Now that United Nations and other reputable research bodies such as the Worldwatch Institute, 2 Washington, DC have all confirmed that the Livestock and meat industry, in particular, are responsible for an average of 35% of global greenhouse gas emissions, there is little doubt that sooner or later, the meat industry will have to face the wrath of the general population. So far, very few have realized the direct link between meat consumption and global warming, meat, and chronic diseases, and consequent health care costs.
|Livestock’s Greenhouse Gas emissions (% of total global GHGs)|
|As per UN’s 2006 IPCC report, not including many key elements1||18%|
|As per Worldwatch Institute’s October 2009 report including all key elements2||51%|
|Average Livestock emissions based on the above 2 scientific reports||35%|
British health officials and researchers have just endorsed a public appeal to cut meat consumption in Britain by at least 30% in view of unhealthy levels of meat consumption and its impact on carbon emissions and public health. The average meat intake in Britain per week in men is reported at 970 grams and in women 550 grams. The report said that a 30% reduction in meat intake will save at least 18000 lives from cardiovascular-related deaths annually just in Britain.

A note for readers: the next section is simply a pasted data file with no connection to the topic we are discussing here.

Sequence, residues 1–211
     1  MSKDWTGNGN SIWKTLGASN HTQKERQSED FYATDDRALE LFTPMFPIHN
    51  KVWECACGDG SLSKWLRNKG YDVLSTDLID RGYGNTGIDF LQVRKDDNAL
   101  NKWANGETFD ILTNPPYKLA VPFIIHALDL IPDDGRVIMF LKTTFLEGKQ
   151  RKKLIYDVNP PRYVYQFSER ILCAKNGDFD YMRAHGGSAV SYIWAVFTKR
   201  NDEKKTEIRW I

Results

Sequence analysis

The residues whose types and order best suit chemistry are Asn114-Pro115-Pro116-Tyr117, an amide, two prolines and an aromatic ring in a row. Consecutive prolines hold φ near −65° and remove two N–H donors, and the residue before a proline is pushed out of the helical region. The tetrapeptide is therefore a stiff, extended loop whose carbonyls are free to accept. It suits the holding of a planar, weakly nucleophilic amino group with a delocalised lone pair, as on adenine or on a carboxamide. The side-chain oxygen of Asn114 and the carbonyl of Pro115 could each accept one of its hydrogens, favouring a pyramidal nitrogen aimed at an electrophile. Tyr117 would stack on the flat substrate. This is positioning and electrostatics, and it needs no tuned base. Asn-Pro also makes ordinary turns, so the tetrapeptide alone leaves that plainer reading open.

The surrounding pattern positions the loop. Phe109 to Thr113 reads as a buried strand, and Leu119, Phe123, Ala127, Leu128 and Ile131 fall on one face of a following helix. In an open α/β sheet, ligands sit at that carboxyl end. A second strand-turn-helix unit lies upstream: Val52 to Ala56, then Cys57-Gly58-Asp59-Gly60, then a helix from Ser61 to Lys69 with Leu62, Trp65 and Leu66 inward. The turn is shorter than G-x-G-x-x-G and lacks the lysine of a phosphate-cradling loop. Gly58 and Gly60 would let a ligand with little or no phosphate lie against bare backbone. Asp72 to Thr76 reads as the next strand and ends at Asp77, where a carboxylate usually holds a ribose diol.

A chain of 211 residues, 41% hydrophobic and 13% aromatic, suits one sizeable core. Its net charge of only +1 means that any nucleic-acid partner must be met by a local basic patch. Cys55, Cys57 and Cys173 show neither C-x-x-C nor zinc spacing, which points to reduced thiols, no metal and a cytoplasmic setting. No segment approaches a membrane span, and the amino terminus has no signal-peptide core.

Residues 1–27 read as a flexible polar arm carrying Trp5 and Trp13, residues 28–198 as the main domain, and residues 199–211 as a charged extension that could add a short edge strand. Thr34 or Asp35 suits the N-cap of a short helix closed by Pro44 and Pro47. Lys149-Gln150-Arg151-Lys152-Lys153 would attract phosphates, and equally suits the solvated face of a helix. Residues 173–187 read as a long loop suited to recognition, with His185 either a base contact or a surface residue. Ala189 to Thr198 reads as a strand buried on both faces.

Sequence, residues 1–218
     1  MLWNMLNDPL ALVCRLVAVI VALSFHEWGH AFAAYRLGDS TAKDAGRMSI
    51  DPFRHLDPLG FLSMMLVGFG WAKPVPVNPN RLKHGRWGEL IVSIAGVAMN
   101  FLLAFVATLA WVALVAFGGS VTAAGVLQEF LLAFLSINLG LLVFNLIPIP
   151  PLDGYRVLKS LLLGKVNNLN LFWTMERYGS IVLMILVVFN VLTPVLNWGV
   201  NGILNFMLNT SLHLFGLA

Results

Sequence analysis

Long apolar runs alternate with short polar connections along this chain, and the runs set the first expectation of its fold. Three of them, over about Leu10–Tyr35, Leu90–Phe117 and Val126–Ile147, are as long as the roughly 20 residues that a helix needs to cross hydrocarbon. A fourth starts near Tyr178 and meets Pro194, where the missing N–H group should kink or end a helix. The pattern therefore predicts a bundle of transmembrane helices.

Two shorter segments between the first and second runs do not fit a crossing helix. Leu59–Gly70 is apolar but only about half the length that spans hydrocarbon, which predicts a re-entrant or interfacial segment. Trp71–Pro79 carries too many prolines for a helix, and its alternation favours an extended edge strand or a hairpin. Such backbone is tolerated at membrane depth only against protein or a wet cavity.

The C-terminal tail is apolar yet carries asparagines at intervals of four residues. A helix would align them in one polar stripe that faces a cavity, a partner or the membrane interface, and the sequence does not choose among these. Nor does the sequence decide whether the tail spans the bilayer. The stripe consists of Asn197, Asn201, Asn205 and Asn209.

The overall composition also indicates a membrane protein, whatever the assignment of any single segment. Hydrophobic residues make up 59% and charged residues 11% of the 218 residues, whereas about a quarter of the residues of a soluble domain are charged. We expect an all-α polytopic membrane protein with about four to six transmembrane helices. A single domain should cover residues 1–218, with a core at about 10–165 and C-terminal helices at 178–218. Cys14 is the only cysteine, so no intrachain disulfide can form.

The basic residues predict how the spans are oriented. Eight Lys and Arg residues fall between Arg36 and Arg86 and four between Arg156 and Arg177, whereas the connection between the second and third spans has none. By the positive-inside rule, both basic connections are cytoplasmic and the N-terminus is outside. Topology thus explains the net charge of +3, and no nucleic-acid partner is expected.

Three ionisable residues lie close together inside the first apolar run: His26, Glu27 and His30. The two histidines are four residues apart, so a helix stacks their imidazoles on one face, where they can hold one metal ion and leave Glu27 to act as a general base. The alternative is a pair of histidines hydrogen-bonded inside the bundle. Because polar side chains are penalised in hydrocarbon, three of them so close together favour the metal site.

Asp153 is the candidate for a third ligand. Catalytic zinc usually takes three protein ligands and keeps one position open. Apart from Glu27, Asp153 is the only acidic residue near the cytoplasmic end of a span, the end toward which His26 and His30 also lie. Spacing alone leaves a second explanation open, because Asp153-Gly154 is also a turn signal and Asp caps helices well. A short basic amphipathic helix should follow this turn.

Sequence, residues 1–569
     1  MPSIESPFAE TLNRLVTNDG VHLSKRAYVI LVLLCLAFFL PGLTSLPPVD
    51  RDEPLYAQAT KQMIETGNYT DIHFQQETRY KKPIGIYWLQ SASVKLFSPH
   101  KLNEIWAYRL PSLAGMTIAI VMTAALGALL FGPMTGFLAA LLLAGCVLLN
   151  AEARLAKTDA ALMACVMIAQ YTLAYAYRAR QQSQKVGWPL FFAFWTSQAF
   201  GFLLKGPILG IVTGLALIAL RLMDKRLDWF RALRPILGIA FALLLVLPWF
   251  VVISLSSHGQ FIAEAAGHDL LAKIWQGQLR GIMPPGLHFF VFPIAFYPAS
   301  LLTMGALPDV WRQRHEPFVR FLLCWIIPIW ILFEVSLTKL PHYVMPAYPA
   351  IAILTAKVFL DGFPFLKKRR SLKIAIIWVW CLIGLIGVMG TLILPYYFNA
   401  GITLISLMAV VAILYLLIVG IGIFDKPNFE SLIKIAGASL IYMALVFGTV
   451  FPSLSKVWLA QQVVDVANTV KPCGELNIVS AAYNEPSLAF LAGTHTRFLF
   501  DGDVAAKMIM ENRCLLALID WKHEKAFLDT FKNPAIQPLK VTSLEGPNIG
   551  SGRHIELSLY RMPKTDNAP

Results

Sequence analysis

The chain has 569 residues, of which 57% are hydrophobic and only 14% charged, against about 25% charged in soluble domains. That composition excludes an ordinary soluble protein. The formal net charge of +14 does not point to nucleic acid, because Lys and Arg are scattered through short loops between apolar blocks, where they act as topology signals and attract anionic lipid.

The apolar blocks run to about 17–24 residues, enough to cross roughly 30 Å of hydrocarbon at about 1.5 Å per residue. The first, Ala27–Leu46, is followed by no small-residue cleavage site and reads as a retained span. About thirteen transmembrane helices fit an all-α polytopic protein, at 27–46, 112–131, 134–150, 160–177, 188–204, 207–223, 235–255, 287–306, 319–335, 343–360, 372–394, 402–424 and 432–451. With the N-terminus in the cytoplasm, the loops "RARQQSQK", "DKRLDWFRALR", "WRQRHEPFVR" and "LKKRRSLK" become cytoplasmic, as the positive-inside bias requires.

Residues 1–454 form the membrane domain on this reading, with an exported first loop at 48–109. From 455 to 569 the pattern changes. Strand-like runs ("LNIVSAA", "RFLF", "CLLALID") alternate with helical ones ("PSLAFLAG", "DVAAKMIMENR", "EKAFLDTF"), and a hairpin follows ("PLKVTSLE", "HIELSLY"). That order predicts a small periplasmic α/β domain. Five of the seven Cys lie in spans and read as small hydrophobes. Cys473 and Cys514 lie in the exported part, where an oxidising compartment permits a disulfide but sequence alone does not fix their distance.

We also heard a report from the US recently confirming that 40% of all food prepared in the US is wasted and ends up in the garbage. The report said that food prepared in factory farms is too cheap to be valued. With this waste, all the resources that went into such food preparations such as water (15500 Liters needed to produce 1 kg of beef) and energy (16 times more energy usage for a meat diet compared to a Vegetarian diet) are also wasted. Food waste has increased 50 percent since 1974 and accounted for 25 percent of freshwater use in the US and 300Million barrels of oil per year. Food waste contributes to excess consumption of fresh water and fossil fuels which, along with methane and CO2 emissions from decomposing food, impacts global climate change, the scientists said.4 There is little doubt that most of this relates to meat-based fast food and may apply to Canada as well.
Meat and poultry consumption directly adds to the risk of many diseases such as high blood pressure, cholesterol problems, type2 diabetes, kidney disease, heart attack, stroke, Osteoporosis, and of course overweight and obesity. Since health care in Canada is largely publicly funded, governments have to foot the bills of such chronic diseases. No wonder, the annual per capita health care cost in Canada has gone up from $1770 USD in 1990 to $3895 USD in 2007 and we still need a lot more due to long lineups